Treating Children with Autism
Heather Jackson, RDH, spoke with Dr. John O’Keefe about Patient Guided Sensory Integration; a program that she has been implementing in Dr. Clive Friedman’s practice in London, Ontario, where more than 500 autistic children are treated.
Heather is experienced in treating children with special needs, including those with autism, and describes the program they’ve developed that creates an environment where a child with special needs can tolerate care.
- The Patient-Guided Sensory Integration Program provides a framework for treatment that can be adjusted according to what a child is most comfortable with.
- The program requires a quiet location with minimal distractions where the child is allowed to settle.
- Conversations with a parent allows the hygienist to find out what’s worked or not worked for their child, and determine what approach to use.
- Since the child is usually nonverbal, it’s important to have a parent present as a silent observer.
- Establishing comfort boundaries is crucial.
“I use a lot of counting to 5 and singing. Whenever my hands are on a child, they come off by the time I get to 5. So it sets up a trust, it sets up a start, it sets up a finish. Anybody can tolerate anything for 5 seconds, even if I do it 50 times for 5 seconds they know I’ll be stopping.”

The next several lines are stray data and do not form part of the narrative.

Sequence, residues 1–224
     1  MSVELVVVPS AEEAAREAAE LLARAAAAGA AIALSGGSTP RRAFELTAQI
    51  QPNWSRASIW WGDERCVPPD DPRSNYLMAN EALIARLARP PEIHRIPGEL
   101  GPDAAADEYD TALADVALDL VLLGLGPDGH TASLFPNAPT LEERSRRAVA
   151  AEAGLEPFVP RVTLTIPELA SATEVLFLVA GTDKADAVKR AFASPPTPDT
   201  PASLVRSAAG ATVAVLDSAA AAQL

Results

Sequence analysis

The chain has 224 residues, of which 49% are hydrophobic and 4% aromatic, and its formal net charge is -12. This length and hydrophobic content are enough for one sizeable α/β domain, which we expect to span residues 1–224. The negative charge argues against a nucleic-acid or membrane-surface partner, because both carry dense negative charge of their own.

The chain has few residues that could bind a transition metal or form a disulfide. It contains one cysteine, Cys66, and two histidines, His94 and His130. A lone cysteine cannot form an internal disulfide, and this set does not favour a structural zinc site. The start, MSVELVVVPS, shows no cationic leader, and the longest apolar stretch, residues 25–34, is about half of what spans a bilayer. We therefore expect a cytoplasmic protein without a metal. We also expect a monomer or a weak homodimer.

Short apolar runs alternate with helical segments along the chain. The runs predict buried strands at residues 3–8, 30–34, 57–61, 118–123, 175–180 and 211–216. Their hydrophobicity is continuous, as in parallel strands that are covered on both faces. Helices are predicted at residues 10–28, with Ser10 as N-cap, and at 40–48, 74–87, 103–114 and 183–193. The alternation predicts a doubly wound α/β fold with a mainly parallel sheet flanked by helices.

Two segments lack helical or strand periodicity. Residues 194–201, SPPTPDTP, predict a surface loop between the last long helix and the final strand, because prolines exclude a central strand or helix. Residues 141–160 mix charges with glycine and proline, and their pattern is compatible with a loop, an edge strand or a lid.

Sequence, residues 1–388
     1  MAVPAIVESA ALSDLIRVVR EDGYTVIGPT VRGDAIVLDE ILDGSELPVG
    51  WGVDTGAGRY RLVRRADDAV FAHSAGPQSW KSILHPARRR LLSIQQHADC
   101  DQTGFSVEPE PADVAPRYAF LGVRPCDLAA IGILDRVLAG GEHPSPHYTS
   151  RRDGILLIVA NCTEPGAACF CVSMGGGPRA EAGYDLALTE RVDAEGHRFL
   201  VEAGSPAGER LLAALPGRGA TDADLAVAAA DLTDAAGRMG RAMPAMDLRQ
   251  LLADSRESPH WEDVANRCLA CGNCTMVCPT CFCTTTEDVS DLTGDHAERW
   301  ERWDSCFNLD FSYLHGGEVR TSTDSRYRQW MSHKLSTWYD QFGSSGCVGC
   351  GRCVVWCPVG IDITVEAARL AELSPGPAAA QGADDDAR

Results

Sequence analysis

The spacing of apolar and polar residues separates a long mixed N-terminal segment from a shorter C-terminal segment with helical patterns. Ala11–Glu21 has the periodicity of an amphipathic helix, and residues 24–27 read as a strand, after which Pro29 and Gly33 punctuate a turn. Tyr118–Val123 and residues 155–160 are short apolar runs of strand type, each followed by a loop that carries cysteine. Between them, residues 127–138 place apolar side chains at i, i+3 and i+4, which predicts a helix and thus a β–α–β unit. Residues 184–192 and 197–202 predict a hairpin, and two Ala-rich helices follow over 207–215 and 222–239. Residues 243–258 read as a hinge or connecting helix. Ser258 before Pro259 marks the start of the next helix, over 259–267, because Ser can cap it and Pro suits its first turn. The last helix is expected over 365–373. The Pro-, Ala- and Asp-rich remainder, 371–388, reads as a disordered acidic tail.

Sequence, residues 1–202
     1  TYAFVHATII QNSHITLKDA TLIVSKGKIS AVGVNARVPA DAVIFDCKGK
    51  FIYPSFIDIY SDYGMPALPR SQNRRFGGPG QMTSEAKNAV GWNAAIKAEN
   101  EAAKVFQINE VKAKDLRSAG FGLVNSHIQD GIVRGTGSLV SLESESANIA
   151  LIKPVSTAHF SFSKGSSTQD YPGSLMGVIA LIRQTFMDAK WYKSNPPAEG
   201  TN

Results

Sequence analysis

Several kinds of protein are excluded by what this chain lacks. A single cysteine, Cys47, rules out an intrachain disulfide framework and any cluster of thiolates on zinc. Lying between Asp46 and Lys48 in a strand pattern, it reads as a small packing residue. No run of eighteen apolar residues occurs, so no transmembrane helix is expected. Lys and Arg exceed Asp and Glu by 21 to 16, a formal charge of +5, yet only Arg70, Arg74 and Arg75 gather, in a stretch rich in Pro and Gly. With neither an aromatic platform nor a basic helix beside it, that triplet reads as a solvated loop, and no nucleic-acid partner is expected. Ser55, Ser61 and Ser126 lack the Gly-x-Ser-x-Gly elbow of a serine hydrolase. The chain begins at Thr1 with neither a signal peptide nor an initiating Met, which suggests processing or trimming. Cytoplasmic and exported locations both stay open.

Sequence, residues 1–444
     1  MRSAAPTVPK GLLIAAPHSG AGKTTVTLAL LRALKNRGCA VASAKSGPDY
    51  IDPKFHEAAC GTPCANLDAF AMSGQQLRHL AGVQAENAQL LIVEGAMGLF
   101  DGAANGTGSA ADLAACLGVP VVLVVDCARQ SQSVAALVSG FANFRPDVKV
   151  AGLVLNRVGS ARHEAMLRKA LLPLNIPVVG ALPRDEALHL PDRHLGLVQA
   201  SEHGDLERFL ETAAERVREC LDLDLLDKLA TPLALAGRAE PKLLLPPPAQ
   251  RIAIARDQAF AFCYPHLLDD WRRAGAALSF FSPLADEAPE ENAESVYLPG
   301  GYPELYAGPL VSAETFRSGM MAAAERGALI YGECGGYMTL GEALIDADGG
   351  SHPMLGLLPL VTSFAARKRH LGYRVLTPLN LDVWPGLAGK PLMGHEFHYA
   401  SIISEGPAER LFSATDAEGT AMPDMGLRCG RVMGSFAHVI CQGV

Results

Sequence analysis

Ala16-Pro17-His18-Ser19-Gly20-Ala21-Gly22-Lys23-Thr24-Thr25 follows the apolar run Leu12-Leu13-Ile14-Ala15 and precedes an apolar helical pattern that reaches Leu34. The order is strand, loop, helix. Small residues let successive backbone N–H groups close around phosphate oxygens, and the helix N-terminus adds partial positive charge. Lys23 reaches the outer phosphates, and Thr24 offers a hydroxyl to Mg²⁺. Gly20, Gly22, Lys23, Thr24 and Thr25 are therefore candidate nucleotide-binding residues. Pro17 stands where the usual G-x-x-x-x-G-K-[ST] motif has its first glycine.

- Staff at the clinic have integrated techniques acquired from many training courses, including deep pressure, orofacial massage, errorless learning, music therapy and counting.
“It’s like we have a big tool belt and we’re going to decide which tool we’re going to use that day.”
- Heather provided 3 videos that illustrate her approach to care: (1) Treating a little boy using counting to 5, singing, orofacial message, and continual positive reinforcement, (2) Treating a 12-year-old girl with Down syndrome and autism, as evidence of the difference this program can make in terms of patient’s willingness to accept treatment, and (3) A video of a young man who sings and counts as part of his treatment.